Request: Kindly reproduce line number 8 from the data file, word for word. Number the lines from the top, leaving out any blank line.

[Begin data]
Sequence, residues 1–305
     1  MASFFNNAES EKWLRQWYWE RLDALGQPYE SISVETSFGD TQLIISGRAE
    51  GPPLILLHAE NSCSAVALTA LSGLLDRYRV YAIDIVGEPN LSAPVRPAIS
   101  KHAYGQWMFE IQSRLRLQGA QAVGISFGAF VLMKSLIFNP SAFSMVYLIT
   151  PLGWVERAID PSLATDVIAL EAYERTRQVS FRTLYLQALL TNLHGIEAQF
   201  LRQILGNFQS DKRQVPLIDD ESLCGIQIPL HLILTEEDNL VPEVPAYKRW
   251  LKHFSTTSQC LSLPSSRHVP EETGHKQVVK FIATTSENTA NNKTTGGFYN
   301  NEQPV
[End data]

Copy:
   301  NEQPV